• History of symptoms. The symptoms of sciatica varies from one person to another and depends on the condition that caused by irritation to the nerve. To diagnose sciatica, our doctor will first want to get your full medical history. This includes whether you have had any recent injuries, where you feel the pain, and how the pain feels.
    • Physical examination. Our doctor will include testing your muscle strength and reflexes. He might also ask you to do some stretching and moving exercises to determine which activities cause more pain.
    • Nerve test. This will allow our doctor to examine how nerve impulses are being conducted by your sciatic nerve and learn if there are any abnormalities. Hence, these tests may help locate the area involved and the degree to which the impulse is being slowed.
    • MRI, CT scan. These are the most common imaging tests used to diagnose sciatica and find its cause. A MRI uses magnets and radio waves to create detailed images of your back. A CT scan uses radiation to create detailed images of your body.

Possible treatment methods?

The treatment of sciatica pain depends entirely on the cause of the problem. If you’re experiencing persistent or severe sciatica symptoms, it’s important to consult with our nerve specialist for a proper diagnosis and appropriate treatment plan tailored to your specific condition. On the other hand, if you are unsure of your diagnosis, or the severity of your condition, it is advisable to seek medical advice before beginning any treatment.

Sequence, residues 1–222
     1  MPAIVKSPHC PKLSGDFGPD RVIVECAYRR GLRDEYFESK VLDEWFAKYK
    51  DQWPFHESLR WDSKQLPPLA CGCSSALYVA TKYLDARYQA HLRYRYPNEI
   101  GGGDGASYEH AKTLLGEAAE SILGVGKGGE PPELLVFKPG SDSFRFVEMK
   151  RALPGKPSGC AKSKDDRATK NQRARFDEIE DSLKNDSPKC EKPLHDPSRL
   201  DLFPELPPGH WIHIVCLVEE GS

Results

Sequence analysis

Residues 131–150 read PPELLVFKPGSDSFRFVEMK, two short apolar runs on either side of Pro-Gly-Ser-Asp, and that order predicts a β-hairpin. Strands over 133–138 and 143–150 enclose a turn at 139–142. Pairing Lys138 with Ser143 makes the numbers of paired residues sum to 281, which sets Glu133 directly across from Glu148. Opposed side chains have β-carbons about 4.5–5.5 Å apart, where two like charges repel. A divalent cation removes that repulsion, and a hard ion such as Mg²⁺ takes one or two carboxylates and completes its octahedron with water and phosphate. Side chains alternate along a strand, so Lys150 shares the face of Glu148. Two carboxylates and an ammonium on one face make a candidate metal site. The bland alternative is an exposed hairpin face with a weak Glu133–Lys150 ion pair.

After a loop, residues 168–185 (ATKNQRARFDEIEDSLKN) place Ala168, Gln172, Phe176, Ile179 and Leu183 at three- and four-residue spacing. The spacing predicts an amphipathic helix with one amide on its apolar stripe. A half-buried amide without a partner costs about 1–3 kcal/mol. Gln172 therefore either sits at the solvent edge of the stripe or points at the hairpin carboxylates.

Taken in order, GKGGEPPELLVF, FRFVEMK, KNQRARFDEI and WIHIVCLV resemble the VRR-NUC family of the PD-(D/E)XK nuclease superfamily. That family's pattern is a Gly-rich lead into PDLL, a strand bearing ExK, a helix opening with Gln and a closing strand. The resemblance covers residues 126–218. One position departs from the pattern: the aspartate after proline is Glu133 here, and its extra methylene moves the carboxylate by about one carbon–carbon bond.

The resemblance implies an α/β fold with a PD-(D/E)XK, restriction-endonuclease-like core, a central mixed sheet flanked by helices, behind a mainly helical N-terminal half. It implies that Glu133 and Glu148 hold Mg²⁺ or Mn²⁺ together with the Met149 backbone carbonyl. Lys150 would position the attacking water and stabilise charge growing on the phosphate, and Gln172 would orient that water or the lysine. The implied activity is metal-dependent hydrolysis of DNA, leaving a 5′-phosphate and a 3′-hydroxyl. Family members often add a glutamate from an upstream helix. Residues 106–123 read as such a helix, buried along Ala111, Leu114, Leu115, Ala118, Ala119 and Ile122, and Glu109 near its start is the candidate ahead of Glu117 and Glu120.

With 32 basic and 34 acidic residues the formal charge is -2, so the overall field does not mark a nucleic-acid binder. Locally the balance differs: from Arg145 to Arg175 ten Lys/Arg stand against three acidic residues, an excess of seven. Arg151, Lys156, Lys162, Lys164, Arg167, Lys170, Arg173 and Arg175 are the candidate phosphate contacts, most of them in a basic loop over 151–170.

Nonsurgical Treatment for Sciatica

First line treatments of sciatica typically include some combination of physical therapy, medications, therapeutic injections, and alternative therapies.

Acute sciatica usually gets better with 4 to 6 weeks of nonsurgical treatment. For chronic sciatica with pain lasting over 8 weeks, treatment time may take longer and may also depend on the underlying cause.

Medication for Sciatica Pain

Prescription medications may be used to relieve sciatica pain.

These medicines are usually taken in order to obtain pain relief and allow the patient to participate in physical therapy.

Lumbar Therapeutic Injections for Sciatica

Lumbar therapeutic injections may help treat pain stemming from conditions that affect the sciatic nerve.

Epidural steroid injections may help relieve sciatic pain stemming from conditions such as spinal stenosis, disc herniation, or degenerative disc disease. Therefore the primary goals of this treatment include:

  • Control the inflammatory response around the sciatic nerve from chemical and mechanical sources of pain, such as a herniated disc or a degenerated disc.
  • Reduce the activity of the immune system to decrease the production of inflammatory cells in the body.

Surgery for sciatica is usually considered when leg pain and/or weakness is persistent or progressive even after several methods of non-surgical sciatica treatments have been tried. Our specialist has also help many to recover through nonsurgical treatment.